Wild winter swimmers embrace the chill factor

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By MARCIA JANSEN

Driftwood Contributor

Wild swimming — in lakes, rivers and the ocean — has gained popularity in the past years, and particularly during COVID-19. Even in winter. 

The ocean is calm on a late winter morning at the beginning of March. It’s sunny, the air is cool, but people are floating in the ocean or are getting ready to get into the water. With his back against a log, Kipp Nash is doing his breathing exercises before his dip in the ocean. 

“I started doing this two years ago,” said Nash, who was diagnosed with a benign brain tumour in January 2018. “A friend of mine told me about the Wim Hof Method and what it can do for your health. I was hesitant at first, but then he asked me: ‘What are you scared of? Healing?’”   

Frequent exposure to cold is linked to several different health benefits. 

“We all have our aches and pains, and cold therapy has so many proven benefits,” said Nash. “It can boost your immune system, it stimulates your metabolism, it is a natural anti-inflammatory and is an antidote for depression. After my most recent round of radiation, the MRI showed that the tumour in my head had stopped growing. The last MRI even revealed that it is shrinking, which rarely ever happens. I believe it is because of this.” 

Kate and Kipp Nash.

Swimming in cold water is a weekly routine for Nash. 

“I am at Beddis Beach a couple times a week and we have a pond at our property where I can swim as well. Depending on the water and outside temperatures, I am in the water for between five and 10 minutes. It is pretty uncomfortable in the beginning. But at some point, you get used to the cold, and when you are out of the water again, you feel absolutely great. It is a real re-set. After you’ve done this, you feel like you can do anything.”

Swimming in cold water is not only a great start of the day for Nash, but also for many others. Since COVID-19 hit, more and more Salt Springers have taken to the cold waters. They are not only at Beddis Beach, but also in Vesuvius. 

“For me, it is a mental thing,” said James Acken. 

He started swimming in the ocean in November 2020, followed by his wife Danielle and a bunch of friends a few months later.  

“When you’re in the water, you can only focus on that and nothing else. We always say it’s a real bullshit-cleanser; all your worries are gone for a moment.”

Wild water swimming, even in winter, might be popular right now, but the Salt Spring Seals were well ahead of that trend. Diana Hayes was the first-ever Seal in 2002.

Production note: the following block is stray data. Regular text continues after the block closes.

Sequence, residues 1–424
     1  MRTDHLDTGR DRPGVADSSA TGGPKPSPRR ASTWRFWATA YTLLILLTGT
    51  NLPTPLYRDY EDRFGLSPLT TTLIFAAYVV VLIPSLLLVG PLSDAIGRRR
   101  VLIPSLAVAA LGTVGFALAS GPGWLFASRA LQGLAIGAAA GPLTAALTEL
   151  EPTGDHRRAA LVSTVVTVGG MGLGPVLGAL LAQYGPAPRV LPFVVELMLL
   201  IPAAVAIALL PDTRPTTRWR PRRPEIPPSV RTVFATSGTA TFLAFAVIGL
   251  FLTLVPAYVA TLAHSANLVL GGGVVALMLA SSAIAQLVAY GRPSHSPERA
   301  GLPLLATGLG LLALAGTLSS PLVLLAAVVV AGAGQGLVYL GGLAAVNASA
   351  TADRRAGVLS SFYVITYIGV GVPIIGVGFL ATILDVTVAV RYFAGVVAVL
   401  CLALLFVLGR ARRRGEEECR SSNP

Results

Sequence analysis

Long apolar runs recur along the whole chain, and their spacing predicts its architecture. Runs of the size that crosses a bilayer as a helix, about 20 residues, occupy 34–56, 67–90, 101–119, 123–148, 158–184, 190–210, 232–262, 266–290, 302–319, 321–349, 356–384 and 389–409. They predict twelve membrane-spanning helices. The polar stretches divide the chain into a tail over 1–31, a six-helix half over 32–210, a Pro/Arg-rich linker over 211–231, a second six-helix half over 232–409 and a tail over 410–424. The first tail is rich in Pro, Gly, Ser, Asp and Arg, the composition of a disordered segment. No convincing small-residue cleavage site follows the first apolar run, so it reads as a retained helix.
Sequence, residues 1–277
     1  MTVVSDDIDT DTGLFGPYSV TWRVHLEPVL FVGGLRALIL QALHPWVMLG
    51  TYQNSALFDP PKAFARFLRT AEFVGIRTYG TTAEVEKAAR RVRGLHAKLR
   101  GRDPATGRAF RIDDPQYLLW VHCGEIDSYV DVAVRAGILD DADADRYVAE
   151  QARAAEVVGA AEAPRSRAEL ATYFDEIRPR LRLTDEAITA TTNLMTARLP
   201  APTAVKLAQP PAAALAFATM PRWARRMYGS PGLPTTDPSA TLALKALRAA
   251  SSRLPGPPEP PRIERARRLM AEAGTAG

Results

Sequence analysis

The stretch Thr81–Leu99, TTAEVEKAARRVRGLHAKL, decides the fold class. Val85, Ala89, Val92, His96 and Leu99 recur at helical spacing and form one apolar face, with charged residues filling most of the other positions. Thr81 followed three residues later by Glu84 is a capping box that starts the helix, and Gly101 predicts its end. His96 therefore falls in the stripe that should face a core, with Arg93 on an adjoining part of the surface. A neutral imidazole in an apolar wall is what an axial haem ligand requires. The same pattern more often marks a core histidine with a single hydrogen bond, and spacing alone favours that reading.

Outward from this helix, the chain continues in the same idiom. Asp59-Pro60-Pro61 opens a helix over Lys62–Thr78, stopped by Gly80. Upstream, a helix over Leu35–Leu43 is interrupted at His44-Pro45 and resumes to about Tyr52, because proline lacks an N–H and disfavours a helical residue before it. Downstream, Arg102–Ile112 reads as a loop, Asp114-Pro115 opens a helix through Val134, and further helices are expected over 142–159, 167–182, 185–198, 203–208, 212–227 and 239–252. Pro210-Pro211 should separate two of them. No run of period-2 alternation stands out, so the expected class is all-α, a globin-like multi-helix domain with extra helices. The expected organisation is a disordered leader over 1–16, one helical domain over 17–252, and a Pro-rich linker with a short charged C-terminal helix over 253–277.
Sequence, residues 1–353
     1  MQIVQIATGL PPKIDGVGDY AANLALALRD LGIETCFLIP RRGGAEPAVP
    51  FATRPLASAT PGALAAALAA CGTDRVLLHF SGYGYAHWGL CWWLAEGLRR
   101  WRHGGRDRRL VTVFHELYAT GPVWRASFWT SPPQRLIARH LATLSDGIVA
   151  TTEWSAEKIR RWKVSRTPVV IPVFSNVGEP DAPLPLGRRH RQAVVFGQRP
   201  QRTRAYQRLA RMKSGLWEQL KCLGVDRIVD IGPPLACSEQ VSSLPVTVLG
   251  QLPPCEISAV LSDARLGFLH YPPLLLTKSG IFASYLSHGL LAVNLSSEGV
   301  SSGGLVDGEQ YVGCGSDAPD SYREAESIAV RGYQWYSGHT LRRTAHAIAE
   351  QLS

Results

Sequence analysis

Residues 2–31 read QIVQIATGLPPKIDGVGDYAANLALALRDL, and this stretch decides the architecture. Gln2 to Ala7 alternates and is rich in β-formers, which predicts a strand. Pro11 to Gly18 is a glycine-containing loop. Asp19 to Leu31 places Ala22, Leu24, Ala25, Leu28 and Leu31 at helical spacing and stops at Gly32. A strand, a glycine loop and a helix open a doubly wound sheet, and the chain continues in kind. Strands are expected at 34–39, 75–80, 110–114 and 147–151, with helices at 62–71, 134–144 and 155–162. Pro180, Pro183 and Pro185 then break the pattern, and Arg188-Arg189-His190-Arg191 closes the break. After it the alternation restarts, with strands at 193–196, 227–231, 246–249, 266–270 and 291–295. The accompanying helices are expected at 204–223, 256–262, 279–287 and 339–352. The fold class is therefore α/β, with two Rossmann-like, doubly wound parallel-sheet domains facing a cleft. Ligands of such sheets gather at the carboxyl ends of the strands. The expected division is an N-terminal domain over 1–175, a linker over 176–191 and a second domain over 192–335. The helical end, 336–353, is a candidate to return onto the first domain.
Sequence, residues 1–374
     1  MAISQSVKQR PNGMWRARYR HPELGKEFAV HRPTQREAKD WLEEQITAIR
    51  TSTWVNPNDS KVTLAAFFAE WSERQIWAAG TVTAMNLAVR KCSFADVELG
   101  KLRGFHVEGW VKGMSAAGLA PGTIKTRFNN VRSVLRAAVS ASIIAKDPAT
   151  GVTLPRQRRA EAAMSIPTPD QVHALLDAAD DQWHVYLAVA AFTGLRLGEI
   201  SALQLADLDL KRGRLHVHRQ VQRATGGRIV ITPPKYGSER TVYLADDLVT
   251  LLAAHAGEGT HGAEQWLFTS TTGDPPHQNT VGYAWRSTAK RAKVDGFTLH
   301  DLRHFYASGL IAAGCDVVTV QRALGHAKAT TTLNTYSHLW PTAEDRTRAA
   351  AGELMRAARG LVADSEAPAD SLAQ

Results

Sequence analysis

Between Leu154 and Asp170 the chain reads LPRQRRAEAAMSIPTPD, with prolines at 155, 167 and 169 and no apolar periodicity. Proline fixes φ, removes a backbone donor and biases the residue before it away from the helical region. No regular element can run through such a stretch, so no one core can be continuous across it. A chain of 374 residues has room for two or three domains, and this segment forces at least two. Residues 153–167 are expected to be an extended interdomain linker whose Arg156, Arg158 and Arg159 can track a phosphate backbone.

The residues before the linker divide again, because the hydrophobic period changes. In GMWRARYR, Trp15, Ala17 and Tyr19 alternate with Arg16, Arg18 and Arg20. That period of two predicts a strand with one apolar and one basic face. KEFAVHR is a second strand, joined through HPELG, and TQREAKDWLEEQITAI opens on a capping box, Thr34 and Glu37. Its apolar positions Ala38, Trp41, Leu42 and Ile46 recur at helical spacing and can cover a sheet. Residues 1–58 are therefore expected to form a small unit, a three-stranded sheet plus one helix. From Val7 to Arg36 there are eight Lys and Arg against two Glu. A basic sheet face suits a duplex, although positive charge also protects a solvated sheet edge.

“She started to swim in the ocean as a way to deal with the stress after she was diagnosed with breast cancer and the passing of her mom,” said Catherine Griffiths, a long-time Seal herself. “I’ve always been a runner, but when a hip injury sidelined me, I started to join Diana in 2003. I was a scuba diver, so I had the gear, and I always loved swimming, so that became a new way of exercising for me.” 

Health benefits are not the only reasons why Griffiths jumps in the ocean once or twice a week. 

“I had a hip replacement, I recovered from breast and uterine cancer in the past years, and I always kept swimming, even during radiation. But what I really enjoy about swimming in the ocean is the wildlife. We see seals all the time, I’ve encountered a female sea lion, spotted an octopus and a cormorant, and we regularly see starfish, herring and squid when it is the season. It’s amazing.” 

The Salt Spring Seals swim year-round in diving wetsuits and snorkelling gear. 

“Vesuvius is our favourite spot in the winter because it doesn’t get as cold there as in other places. But we get cold sometimes, and changing afterwards can be a challenge. It is definitely not for everybody. You have to go out of your comfort zone for sure. But over the years we gathered a steady pod of 16 swimmers, and we hope to celebrate our 20th anniversary in 2022.” 

Richard Hayden is also swimming in Vesuvius Bay once a week; between 1,500 metres and two kilometres at a time. But if you’d told him that a year ago, he probably would have laughed. 

“I didn’t plan on swimming outdoor year-round. It just happened,” said Hayden, who is an avid triathlete. “When COVID-19 hit last year, and the pool on Salt Spring Island closed, I started to swim outside in April, which is pretty early for me. I normally swim outdoor all summer, and I kept swimming in the fall because it is really hard to book a lane in the pool. I am an exercise junkie and a crappy swimmer,” he said with a smile. “If I don’t swim three times a week, I become even more crappy, and I don’t want that.”  

Richard Hayden, left, and Marcia Jansen ready to swim in Vesuvius Bay.

When the temperatures started to fall in October, Hayden moved from Cusheon Lake to St. Mary Lake and eventually the ocean. 

“The ocean is warmer than the lakes right now. I swim in a wetsuit, with an extra neoprene vest underneath, a dive hoodie and neoprene socks and gloves, and that is actually quite comfortable. The first hundred metres are the worst, but when my face starts to get numb the cold doesn’t bother me anymore.” 

Hayden admits that swimming in the ocean can be scary. 

“The current can be unpredictable, and I definitely feel more comfortable in the lake. I never go alone in the ocean and I try to plan our swims when the tides come in, and the island in the bay is still visible.” 

Catherine Griffiths agrees with Hayden. 

“We always swim in a group. It is too dangerous to go by yourself, even when you are just taking a dip.”

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